- The Hall of Waters, situated in downtown Excelsior Springs, is located within a Qualified Census Tract, meeting the definition of a “Disproportionately Impacted Community”.
- The proposed activities in the City’s application for assistance will involve the rehabilitation of the Hall of Waters, preventing the city from abandoning the property.
- The Hall of Waters sits in Siloam Park adjacent to the Fishing River. The rehabilitation supports the development of recreational uses of the property.
- Rehabilitation activities will include: Shoring the front yard and study the solution to prevent the collapse of the front yard into the well room beneath; complete the repair of the water bar that was dismantled to repair the structure failure of the floor and pool ceiling underneath; stablize the tower, replace the center roof and hallway damages; restore the east wing to a spa on the mezzanine level and museum on the first floor; restore the entrances to the building with ADA compliance.
- Downtown Excelsior Springs is an accredited National Main Street America Program operating under the framework of the National Main Street Center, Inc.
- Main Street America has been helping revitalize older and historic commercial districts for more than 40 years. We join 1,200 other communities around the nation with our commitment to build stronger communities through preservation-based economic development.
- The Hall of Waters was constructed in the 1930s as a WPA project to bring the mineral waters under public ownership in an effort to protect this natural resource that is the centerpiece of the tourist attraction to Excelsior Springs.
- The Hall of Waters was constructed to include the longest water bar in the world, swimming pool and mineral water spa. With the rehabilitation of the Elms Resort & Spa, interest has returned to downtown to enjoy the spas and boutiques.
- Excelsior Springs has emerged as the wedding destination of the Kansas City metro area with a variety of venues to choose from. Amenities include four wineries, two breweries and two tasting rooms, a trolley and over 100 event days/year to support tourist activities.
- The Elms Resort & Spa finds that guests do not book rooms when they are unable to get a spa appointment. The Hall of Waters was an operating spa and could be reopened to meet the demand for spa appointments and the Elms’ vision to become the largest spa in the Midwest.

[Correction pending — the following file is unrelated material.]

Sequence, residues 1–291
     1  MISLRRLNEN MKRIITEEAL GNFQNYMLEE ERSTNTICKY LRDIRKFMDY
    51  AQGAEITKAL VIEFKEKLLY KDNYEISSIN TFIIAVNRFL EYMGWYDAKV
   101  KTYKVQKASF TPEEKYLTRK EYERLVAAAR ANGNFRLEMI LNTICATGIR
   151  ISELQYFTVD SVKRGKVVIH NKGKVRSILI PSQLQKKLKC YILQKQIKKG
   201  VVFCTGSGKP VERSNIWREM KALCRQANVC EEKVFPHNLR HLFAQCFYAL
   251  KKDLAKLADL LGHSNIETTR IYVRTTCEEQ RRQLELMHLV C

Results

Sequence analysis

- The City is currently spending $1 million to address life safety concerns from structural failure in the water bar floor, which is also the swimming pool ceiling, and foundation beams in the sub-basement. This wing of the building is a conservation area, with high historic integrity.
- In addition to funds currently dedicated to rehabilitation of the building, the city can dedicate $1.5 million in cash as match and is seeking $2.5 million to complete the identified activities.
- Demonstrate that the project is a continuation of a community priority project that was delayed due to the pandemic.
- The Hall of Waters was listed by Missouri Preservation as a Places in Peril, 2019, and by National Trust of Historic Preservation as one of the 11 Most Endangered Buildings in the US in 2020. The City applied for an received $500,000 from Saving America’s Treasures to address needed renovations in 2020, but the project was redirected to resolve life safety concerns.
Our Main Street organization reported over $5.225 million in reported taxable retail sales in 2020, only a 10.41% decrease compared to 2019 prior to COVID-19 restrictions for restaurants and retailers. In 2021, the reported taxable retail sales increased to $6.5 million. There were 24,038 overnight stays in 2020 and 30,524 overnight stays during 2021.
Close to $1 million … $929,000 … was spent in private building improvements to the historic downtown in 2020. Another $155,650 was spent in private building improvements in 2021.
The Tourism Center at the Hall of Waters had a total of 3,856 visitors in 2020 and 5,437 visitors in 2021, a 41% increase with fewer visitors during 2020 due to the closure of the water bar during the public health emergency order.
Tourism in Missouri generated a $17.7 billion impact in FY2019, an increase of 2.9% from FY2018. This economic impact is based upon the spending of an estimated 42.9 million visitors to Missouri, according to the Missouri Tourism 2019 Executive Summary “Economic Impact and Visit Characteristics of Tourism in Missouri”.
Tourism-related industries in FY2019 provided 304,329 jobs in Missouri for a 0.8% increase over FY2018, according to the Missouri Tourism 2019 Executive Summary “Economic Impact and Visit Characteristics of Tourism in Missouri”.
Approximately 8.0% (1 in 12) of all jobs in the state were in tourism-related industries, according to the Missouri Tourism 2019 Executive Summary “Economic Impact and Visit Characteristics of Tourism in Missouri”.